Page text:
significant safety benefit of ACAS can be diminished by improper procedures, such as

    failures to comply with resolution advisories.


    Recent safety studies by the European Organization for the Safety of Air Navigation (Eurocontrol) have con-fi rmed the signifi cant safety benefi t

    afforded by the airborne collision avoidance sys-tem (ACAS; also called the traffi c-alert and colli-sion avoidance system [TCAS II]), but they also have revealed that it can be degraded by improper procedures, such as defi cient response to resolu-tion advisories (RAs). Operational monitoring programs have highlighted, in numerous actual events, the signifi cant ACAS contribution to im-proved fl ight safety. It has also been shown that in some events where the responses of pilots to RAs have been inadequate and where maneuvers op-posite to the RAs have been identifi ed, the safety benefi t is diminished.

    Events 15 show that inadequate response to RAs degrades safety. Nevertheless, events 6 and 7 illustrate that accurate response to RAs greatly improves safety.

    Follow the RA

    Flight crews should operate ACAS at all times, and all fl ight crews should follow RAs. Training courses should be reviewed to ensure that these areas are addressed.

    Event 1: ATC Avoidance Instruction Opposite to RA

    Two aircraft level at Flight Level (FL) 70 (approxi-mately 7,000 feet) are being radar vectored by the approach controller:

    An Avions de Transport Regional (ATR) 72 is heading 185 degrees; and,

    A Boeing 737 (B-737) is on an opposite track, heading 345 degrees (Figure 1, page 16).

    A third aircraft, a Swearingen Merlin 3 (SW3) level at FL 50, is heading east. All aircraft are in instru-ment meteorological conditions (IMC).

    Because the controller is occupied with the resolu-tion of another confl ict, the B-737 is instructed, late, to descend to FL 60 when the aircraft are slightly less than 5.0 nautical miles (9.3 kilome-ters) head-on.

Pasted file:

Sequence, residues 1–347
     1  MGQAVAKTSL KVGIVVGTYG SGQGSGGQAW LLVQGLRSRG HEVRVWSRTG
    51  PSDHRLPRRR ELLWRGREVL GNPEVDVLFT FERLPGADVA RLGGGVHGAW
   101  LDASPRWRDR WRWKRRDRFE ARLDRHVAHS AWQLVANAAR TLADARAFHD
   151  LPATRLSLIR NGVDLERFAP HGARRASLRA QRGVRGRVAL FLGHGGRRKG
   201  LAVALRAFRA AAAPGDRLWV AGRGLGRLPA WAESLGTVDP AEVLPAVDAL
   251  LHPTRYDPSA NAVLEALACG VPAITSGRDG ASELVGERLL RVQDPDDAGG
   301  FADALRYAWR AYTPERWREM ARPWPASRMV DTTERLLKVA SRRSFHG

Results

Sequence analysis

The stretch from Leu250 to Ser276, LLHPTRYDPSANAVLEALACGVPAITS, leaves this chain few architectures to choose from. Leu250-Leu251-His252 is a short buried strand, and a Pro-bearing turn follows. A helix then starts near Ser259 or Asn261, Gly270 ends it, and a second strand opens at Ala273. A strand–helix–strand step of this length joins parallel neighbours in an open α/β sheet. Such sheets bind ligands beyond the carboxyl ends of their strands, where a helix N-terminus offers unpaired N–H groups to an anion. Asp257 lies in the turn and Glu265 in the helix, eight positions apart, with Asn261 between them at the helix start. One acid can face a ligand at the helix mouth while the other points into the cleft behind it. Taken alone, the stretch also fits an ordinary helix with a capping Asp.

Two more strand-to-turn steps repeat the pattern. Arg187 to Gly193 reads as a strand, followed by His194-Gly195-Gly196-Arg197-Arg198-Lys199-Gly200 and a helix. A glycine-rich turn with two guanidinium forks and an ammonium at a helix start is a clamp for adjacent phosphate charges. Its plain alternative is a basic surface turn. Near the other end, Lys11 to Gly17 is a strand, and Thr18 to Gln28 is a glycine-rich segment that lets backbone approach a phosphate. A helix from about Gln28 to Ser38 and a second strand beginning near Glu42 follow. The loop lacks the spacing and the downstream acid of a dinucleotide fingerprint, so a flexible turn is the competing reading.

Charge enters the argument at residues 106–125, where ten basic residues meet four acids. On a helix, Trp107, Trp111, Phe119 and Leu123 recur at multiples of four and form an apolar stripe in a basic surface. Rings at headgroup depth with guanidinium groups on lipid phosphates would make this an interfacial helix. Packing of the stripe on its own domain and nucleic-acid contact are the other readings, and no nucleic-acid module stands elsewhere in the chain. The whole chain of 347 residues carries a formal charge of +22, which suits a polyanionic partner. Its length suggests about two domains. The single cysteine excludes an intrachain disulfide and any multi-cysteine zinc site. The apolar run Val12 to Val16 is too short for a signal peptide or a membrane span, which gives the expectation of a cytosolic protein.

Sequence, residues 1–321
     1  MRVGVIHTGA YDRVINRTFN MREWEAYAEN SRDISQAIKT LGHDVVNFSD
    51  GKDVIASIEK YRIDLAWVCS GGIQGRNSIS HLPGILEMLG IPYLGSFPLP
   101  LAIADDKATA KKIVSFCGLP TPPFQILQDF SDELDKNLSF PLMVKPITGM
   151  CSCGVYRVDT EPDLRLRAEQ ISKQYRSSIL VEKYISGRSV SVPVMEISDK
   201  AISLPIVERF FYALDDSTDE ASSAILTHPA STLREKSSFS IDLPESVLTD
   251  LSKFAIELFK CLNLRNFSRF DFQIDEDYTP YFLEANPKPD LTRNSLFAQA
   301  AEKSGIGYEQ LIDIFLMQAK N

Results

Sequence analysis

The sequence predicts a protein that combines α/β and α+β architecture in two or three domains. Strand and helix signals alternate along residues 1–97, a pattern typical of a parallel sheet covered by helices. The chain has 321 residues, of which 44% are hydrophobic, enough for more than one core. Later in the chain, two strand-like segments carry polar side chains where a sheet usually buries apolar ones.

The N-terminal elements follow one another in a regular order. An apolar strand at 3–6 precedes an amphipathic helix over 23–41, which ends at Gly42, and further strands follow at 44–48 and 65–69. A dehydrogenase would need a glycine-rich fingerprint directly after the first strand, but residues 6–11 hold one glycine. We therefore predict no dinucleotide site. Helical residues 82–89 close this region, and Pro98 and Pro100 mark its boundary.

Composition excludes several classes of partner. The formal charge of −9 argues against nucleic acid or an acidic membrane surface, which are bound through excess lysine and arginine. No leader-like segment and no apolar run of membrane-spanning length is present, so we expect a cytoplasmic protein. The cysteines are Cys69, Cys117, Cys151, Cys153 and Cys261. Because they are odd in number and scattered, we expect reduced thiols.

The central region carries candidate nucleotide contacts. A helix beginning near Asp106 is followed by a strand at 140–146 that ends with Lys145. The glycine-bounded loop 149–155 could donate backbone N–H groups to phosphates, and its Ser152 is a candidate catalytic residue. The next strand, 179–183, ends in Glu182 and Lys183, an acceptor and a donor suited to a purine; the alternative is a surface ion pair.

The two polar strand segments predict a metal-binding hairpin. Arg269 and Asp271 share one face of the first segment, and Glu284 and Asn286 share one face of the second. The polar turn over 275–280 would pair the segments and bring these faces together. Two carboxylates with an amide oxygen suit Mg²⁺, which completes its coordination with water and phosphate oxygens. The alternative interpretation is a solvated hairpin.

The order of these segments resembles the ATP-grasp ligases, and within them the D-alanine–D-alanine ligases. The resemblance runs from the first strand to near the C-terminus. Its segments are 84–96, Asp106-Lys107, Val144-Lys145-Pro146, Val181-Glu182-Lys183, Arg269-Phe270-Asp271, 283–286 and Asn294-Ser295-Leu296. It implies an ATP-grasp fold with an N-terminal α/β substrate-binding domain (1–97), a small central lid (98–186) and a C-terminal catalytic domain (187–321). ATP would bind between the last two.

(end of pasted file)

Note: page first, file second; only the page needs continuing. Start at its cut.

Both aircraft are at the same level and converg-ing quickly. The ACAS of each aircraft triggers a coordinated RA a few seconds later (Figure 2, page 16):

    The ATR 72 pilot receives a descend RA that he follows; and,


    A C A S P R O V I D E S A N E F F E C T I V E S A F E T Y N E T

    The B-737 pilot receives a climb RA that he does not follow. He continues to comply with the air traffic control (ATC) instruction.

    The ATR 72 pilot immediately informs the controller, using the standard phraseology, that he has a descend RA. Nevertheless, just after, the controller repeats to the B-737 the instruction to descend to FL 60 for avoiding action.

    The B-737 pilot, who reported afterwards that he had to avoid TCAS alert, descends through FL 60. This opposite reaction to his climb RA induces an increase de-scent RA aboard the ATR 72, which leads the pilot to deviate much more than ini-tially required by ACAS. This large verti-cal deviation induces a new ACAS confl ict with the SW3 level at FL 50.

    If the B-737 pilot had responded correctly to his climb RA, the vertical separation

    between the ATR 72 and the B-737 would have been 600 feet (i.e., 300 feet vertical deviation for each).

    When a loss of separation is likely to occur or has occurred, the controller has to:

    Detect the conflict using the avail-able tools (e.g., radar display, short-term conflict alert [STCA] system);

    Assess the situation;

    Develop a solution in a very short period of time; and,

    Communicate this solution to the aircrew as quickly and clearly as possible.

    The detection of the conflict may be delayed due to tasks with other aircraft under his or her control. Communication with confl icting aircraft may also be de-layed due to RTF (radiotelephone) con-gestion or misunderstandings between the controller and the pilots.

    ACAS automatically detects any risk of collision with transponder-equipped air-craft. When a risk of collision is detected, it calculates the necessary maneuver and communicates the solution directly to the fl ight crew via the RA display and an aural-message attention-getter. It does this in less than one second.

    Whenever both aircraft are operating ACAS in RA mode, ACAS coordinates the RAs.